Mompox is hot, hot, hot, but we found one of the best times to wander was in the heat of the day – the streets were empty of people and that tropical, lethargic atmosphere for which we had come was enhanced. The architecture is certainly well preserved and the central portion seems to have avoided any jarring modern developments (or least insisted that they all adopt standard “colonial” designs). In the midday heat some nice photos of even the main streets with their gleaming white facades and wrought iron grills can be obtained, empty of people and traffic! Evening is another good time – traffic has ceased and people sit out in on the verandas on those famous “Mompox rocking chairs” Along the Malecon (photo) the river slips quietly by – moving surprisingly fast and bringing down large amounts of plant material. The only boats are the occasional local “chalupas” or water taxis. Iguanas scuttle about among the trees and a wide variety of bird life can be seen. By the riverside you will see the memorial commemorating the several visits of Simon Bolivar to Mompox (“If I owe my life to Caracas, I owe my glory to Mompox”). Marquez used one of them (the last) in his semi-fictionalised account of Bolivar’s last days (“The General in his Labyrinth”). It takes time to get there and away and, you will probably need to stay a full day as well unless you “push” the transport timetables with late departures or early arrivals and/or the new bridges increase the options. But Mompox is worth the time even if it’s not in the top "echelons” of WHS. The “List” contains a lot of “Latin American Colonial” towns but this one is a bit different. It reminded me rather of Mexico’s Tlacotalpan – another “steamy” (albeit less so) river port but from another era (late 19thC). That has (perhaps a bit unfairly) received short shrift from reviewers. Mompox is certainly more interesting, as well as being more historically significant.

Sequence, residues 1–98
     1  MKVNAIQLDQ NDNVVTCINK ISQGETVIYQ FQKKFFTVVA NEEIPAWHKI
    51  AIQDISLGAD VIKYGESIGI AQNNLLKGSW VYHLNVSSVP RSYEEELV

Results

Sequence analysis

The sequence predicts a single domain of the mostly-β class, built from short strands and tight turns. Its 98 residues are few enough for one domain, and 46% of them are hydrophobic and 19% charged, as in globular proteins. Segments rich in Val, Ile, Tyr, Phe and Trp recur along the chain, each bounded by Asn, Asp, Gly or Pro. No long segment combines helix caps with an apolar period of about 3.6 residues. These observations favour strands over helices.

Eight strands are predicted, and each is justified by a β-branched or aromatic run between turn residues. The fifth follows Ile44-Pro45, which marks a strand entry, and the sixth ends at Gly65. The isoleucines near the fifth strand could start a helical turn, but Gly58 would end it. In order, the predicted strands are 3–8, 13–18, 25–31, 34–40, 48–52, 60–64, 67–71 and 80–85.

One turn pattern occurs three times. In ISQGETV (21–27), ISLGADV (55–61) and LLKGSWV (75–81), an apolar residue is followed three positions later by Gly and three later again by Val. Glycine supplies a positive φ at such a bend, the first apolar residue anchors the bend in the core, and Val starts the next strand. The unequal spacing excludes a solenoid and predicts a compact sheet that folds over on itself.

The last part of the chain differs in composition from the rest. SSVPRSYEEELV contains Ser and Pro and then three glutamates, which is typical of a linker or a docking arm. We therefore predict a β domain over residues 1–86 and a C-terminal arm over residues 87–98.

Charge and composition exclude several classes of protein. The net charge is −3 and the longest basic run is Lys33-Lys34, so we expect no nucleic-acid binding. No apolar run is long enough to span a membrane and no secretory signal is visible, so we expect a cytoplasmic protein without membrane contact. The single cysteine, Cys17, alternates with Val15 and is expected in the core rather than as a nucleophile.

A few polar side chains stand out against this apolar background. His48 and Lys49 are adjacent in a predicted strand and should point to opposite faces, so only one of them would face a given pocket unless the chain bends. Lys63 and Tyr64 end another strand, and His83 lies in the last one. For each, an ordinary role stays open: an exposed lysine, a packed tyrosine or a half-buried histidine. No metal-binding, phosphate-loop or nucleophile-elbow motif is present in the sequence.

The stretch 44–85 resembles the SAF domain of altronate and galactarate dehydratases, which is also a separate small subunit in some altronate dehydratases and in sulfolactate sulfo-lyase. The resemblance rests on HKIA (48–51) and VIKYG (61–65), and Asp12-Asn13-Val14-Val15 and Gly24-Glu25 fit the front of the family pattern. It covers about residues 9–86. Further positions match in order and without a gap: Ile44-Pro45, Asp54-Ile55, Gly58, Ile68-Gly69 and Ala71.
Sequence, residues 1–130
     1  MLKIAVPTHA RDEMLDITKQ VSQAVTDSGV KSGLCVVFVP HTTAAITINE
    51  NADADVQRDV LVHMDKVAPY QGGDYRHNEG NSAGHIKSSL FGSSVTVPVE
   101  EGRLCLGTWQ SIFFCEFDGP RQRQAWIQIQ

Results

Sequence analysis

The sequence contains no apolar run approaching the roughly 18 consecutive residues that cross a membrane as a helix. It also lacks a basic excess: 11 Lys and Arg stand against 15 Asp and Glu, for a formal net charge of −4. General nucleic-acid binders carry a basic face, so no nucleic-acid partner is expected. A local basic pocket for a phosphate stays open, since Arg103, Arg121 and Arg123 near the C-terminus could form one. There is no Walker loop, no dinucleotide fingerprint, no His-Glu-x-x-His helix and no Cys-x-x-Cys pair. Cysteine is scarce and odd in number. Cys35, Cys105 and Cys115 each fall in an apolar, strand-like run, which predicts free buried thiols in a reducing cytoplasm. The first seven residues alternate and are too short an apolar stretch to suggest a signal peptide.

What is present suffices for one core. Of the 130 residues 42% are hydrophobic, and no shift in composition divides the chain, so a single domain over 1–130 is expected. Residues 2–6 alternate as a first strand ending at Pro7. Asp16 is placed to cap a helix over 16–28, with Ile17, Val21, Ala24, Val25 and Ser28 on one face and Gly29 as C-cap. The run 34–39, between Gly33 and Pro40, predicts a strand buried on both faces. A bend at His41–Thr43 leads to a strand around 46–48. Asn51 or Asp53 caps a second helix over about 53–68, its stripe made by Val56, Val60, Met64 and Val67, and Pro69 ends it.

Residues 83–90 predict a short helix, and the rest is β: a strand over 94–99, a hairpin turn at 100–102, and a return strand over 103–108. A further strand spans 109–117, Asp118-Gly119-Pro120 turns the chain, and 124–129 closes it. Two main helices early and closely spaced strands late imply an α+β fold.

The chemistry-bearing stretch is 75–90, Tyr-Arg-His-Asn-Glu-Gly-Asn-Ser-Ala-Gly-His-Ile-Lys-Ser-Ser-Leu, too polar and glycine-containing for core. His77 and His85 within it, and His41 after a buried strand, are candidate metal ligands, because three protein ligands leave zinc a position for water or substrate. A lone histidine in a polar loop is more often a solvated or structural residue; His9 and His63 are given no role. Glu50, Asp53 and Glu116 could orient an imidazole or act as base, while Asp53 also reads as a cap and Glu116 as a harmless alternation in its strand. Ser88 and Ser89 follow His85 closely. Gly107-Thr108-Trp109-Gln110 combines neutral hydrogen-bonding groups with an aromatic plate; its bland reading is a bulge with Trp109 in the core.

Although Mompox was an important and prosperous port upriver from Cartagena, it was never very large. It hasn't really grown and has a very relaxed and lethargic atmosphere. It's no wonder rocking chairs are popular here. We quickly took over a few of our own at a little cafe and just watched the river flow by.
Arriving in the early morning off an overnight bus, our first impressions of Mompox were not positive. Bus offices are at least a few blocks inland while the historic core runs parallel to the river and is only a few hundred meters long and about 2 blocks wide. Outside of this clean, preserved colonial core, Mompox is mostly a rundown and dirty village as far as we could tell. But the core is beautiful. The original buildings are also run down but in an atmospheric kind of way. There are three small plazas along the waterfront and the churches and old marketplace have been nicely restored. There are also boat tours along the river in the afternoon. Staying in one of the colonial homes rounds out the experience. This was the "quietest" and least developed of the major tourist sites we visited in Colombia.
Unless you really want to get lazy a day is easily enough to take in the sites. There are both early morning and overnight buses to Cartagena and we arrived on a direct overnight bus from San Gil that originated in Bogota so while it is still a long journey, the route to and from the south has become much simpler.
Cartagena, the masterpiece of the empire. At the same time, surraunded for pirates from England, and Holand. If you are a wealty, and aristocratic spaniard, living in Cartagena during the XVII-XVIII centuries, the smarter way to live in the area was moving to Mompox. An island in midle of the Magic Magdalena river, in midle of the rute to Honda-Bogota, and a shelter far away from Spain. Just the idea of Spain. Perhaps Seville was the model to build Mompox. One of the most magical Unesco Sites.
Seven churches. San Francisco church just an idea of baroche.
Breakfast at the marketplace. Arepa de huevo with an fresh orange juice in front of the river. You will love it.
The marketplace from the river...just divine.